Interestingly, since Obama is "democrat" he can easily push right-wing changes and get away with it. His supporters then go "he is a good guy, but evil republicans forced him to". If any republican would try it, there would be strong outcry.
Have you guys read Lieberman-Collins? It's linked from the story. You should, if this EO is truly an indicator of Obama's retreat on civil liberties, easily be able to point out clauses from the bill that make that point.
I've read it. I don't think it'll be as easy as these comments make it sound.
Have you read linked Political Comapass article? It provides enough other indicators. First sentence is priceless though: This is a US election that defies logic and brings the nation closer towards a one-party state masquerading as a two-party state.
I do not understand what that "Political Compass" article has to do with computer security legislation in general, let alone with the Lieberman-Collins bill in particular. That doesn't mean they have nothing to do with each other, but you probably need to explain the connection a little bit more.
1) Some of the questions simply don't make sense, i.e. "Multinational companies are unethically exploiting the plant genetic resources of developing countries." The what resources?
2) It completely conflates personal beliefs with those I would want to see forced upon society at large.
3) Some of the questions have totally ambiguous interpretations in terms of the two given axes. If I agree with "An eye for an eye and a tooth for a tooth", does that make me more or less authoritarian? What about "Abstract art that doesn't represent anything shouldn't be considered art at all"?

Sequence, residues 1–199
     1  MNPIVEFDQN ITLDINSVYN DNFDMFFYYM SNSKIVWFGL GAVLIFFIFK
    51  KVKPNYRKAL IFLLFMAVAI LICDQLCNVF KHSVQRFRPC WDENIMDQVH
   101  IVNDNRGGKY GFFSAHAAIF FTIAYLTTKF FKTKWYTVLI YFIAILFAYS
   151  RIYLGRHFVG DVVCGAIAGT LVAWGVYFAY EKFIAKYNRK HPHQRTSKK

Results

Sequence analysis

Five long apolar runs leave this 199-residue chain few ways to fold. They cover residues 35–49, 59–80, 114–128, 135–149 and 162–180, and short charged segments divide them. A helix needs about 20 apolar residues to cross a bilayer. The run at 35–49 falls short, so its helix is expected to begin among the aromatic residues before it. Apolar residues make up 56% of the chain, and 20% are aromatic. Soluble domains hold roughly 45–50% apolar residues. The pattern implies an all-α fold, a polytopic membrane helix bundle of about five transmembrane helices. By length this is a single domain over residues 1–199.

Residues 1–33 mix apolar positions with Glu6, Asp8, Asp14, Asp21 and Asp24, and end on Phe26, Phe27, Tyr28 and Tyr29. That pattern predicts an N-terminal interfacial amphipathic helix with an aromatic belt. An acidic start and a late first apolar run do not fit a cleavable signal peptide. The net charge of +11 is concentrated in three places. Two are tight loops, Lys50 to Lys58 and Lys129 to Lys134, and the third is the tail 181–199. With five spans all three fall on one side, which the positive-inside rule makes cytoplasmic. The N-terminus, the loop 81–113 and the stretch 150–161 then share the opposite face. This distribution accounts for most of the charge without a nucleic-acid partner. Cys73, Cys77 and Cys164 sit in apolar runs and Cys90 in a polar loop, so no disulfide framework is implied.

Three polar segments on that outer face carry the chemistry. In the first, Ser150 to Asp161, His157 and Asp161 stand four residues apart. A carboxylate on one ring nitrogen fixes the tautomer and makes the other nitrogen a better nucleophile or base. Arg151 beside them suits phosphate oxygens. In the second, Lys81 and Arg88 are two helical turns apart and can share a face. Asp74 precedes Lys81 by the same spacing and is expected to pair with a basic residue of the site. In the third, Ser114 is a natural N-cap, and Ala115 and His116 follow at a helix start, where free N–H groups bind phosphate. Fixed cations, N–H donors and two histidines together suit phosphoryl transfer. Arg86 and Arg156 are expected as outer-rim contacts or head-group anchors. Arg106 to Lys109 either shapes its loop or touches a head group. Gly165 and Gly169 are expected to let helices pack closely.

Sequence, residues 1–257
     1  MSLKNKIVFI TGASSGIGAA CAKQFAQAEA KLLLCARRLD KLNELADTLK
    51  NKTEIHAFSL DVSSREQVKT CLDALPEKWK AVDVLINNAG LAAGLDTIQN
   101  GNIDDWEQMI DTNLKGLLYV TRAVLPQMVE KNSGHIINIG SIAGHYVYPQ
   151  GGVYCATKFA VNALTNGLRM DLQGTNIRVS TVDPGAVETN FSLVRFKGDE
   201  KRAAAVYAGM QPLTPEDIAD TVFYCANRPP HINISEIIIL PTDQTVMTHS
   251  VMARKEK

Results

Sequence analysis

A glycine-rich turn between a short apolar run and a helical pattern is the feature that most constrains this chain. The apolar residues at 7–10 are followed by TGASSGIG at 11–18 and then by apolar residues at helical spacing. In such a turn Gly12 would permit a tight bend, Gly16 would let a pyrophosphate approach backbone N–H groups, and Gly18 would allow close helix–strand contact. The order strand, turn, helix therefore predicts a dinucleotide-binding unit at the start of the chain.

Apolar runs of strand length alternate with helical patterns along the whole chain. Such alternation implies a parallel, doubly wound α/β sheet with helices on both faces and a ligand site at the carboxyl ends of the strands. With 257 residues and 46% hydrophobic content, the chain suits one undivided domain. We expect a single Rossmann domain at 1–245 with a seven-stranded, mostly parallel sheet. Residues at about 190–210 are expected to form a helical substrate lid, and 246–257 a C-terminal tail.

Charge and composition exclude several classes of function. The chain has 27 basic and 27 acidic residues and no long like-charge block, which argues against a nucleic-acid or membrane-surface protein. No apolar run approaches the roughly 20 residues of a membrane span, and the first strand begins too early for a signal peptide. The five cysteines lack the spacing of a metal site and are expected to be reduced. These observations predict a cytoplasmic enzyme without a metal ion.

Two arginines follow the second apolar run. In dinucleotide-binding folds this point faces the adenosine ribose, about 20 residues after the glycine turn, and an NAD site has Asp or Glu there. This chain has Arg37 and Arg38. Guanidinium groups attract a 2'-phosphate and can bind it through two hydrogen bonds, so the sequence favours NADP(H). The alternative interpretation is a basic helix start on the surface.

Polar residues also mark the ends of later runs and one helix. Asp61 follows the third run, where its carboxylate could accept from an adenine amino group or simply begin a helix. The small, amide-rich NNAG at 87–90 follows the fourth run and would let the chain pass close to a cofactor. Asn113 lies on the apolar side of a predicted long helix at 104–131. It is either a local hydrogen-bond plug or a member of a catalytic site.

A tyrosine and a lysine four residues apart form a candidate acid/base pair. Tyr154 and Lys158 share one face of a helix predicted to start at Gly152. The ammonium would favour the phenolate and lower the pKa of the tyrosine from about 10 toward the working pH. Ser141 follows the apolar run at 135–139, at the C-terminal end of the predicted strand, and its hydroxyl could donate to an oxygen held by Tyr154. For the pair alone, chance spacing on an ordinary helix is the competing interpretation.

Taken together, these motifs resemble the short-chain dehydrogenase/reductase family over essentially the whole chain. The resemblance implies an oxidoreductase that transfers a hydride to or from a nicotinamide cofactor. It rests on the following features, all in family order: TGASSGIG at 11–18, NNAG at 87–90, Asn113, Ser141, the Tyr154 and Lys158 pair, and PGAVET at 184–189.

Also, the points assigned to famous political figures are totally arbitrary. Neither Hitler nor Hu Jintao have taken this quiz, so the author is simply making up answers for them.
Re: 1, the "plant genetic resources", I believe that's in respect to Monsanto's tendency to patent particular strains of seeds ("Round-up Ready" means that the pesticides won't kill the plants), and then leverage the legal system (or money) to ensure that their seeds become the only seeds used in the area.
Many agrarian cultures have a history of seed sharing and seed saving, which Monsanto seed (and lawyers) prevents. Over time, the poor nation of Elbonia's farmers cannot plant anything _but_ Monsanto seeds (as they have no uncontaminated seed banks, and their Monsanto crops are sterile). At that point, the country is entirely dependent on a multinational corporation in order to grow food. They have no seeds (genetic resources for plants) with which to plant new crops, to breed with other plants to make disease or drought-resistant hybrids, and in general a collection of diverse breeds of that particular plant are in time replaced with a single breed.
Some would argue that this sort of behavior is unethical and abhorrent. There are frequent stories from farmers of being bullied by Monsanto, which makes this an even easier opinion to hold.
Others point out that without GMO seeds, it would be very hard for some of these countries to plant __enough__ crops to feed themselves, regardless of diversity. From a standpoint of feeding a planet, that argument seems to carry some weight as well. It's a complex issue.
As for 1), it is indeed terribly worded, my guess they refer to companies patenting DNA sequences and then requiring a payment for the exported food,nbut obviously there are multiple interpretations. May be it's worder this way on purpose. :)